Monday, August 27, 2007

JPA Bridge should respect neighborhood character

Seth Rosen's August 27, 2007 article in the Daily Progress entitled "New JPA bridge urged" clearly indicates that Charlottesville's neighborhoods should be included in neighborhood impacting decisions from the very beginning of a project. Including neighborhoods in city decision making is one of the four main issues I am focusing on in my city council campaign and Rosen's article shows how not including the neighborhood in the early planning of the bridge project appears to have delayed replacement of this substandard bridge by 18 months or more.

I was aware of the JPA bridge project being designed back in about 1996 when I worked as an environmental engineer with VDOT. Had the Fry's Springs neighborhood been included in the early designs for this bridge, perhaps this bridge would be under construction by now rather than needing to be redesigned to be acceptable to the community.

If elected to city council on November 6, I will do all in my power to ensure early neighborhood involvement in developing any project that will potentially affect the quality of life, connectivity, safety, or other neighborhood concern. Early - and continuing - involvement of the neighborhood can lead to better solutions and likely be completed in less time and at lower development cost. In this case, the neighborhood preferred 54-foot-wide bridge design will likely be significantly less expensive to build than the VDOT designed 78-foot-wide bridge, even with a temporary pedestrian and bicycle bridge included to permit pedestrian and bicycle access during construction.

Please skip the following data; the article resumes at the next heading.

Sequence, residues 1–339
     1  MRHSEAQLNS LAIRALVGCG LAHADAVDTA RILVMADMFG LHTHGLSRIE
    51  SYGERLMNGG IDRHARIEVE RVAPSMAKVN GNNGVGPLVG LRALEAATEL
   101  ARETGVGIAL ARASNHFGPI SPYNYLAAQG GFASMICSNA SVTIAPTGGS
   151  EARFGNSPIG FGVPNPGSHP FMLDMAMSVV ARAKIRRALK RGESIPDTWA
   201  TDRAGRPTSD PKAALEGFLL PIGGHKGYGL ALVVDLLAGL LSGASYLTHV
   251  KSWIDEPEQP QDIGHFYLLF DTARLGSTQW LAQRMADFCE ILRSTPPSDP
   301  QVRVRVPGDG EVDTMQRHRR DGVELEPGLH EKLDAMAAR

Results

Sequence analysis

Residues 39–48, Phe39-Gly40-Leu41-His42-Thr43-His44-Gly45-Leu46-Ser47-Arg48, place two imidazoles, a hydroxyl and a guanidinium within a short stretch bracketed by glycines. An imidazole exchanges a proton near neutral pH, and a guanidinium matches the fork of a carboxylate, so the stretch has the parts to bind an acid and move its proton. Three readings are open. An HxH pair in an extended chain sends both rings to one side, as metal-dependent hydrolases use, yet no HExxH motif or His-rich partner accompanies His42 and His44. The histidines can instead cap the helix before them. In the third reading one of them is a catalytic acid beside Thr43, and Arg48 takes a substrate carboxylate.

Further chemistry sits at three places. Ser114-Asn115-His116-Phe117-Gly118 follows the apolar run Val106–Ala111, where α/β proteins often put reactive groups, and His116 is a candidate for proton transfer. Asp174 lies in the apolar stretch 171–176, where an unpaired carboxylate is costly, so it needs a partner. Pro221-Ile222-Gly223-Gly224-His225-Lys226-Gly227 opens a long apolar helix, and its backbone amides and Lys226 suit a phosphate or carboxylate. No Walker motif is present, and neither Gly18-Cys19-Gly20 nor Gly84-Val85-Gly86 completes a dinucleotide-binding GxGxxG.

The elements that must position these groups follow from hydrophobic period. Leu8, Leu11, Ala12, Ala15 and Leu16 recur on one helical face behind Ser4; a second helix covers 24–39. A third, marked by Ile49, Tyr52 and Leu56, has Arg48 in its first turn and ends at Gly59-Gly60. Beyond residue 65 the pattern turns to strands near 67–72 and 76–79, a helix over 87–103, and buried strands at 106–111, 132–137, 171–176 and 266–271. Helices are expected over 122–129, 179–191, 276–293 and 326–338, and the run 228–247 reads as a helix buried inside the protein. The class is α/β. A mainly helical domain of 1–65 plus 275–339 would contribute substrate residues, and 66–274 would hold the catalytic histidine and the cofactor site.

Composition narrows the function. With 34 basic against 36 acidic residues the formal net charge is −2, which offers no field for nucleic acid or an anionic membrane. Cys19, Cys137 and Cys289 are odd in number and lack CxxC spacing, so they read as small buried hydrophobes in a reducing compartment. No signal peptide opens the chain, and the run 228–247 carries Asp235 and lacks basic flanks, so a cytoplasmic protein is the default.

The city has within the past few years become the lead agency, not VDOT, for transportation projects within the city limits under the Virginia First Cities Initiative of 2004. The city can now adopt a policy to include neighborhood representation on all future transportation projects. I will work toward developing such a policy and requiring that all planning and design materials be made readily available to the public so all interested parties can provide constructive and informed input from preliminary project design through construction. A policy of this type would be both a win for neighborhoods in better realizing their neighborhood goals, and a win for the city by getting better designs in less time, and in cases like the JPA bridge, at a significantly lower cost.

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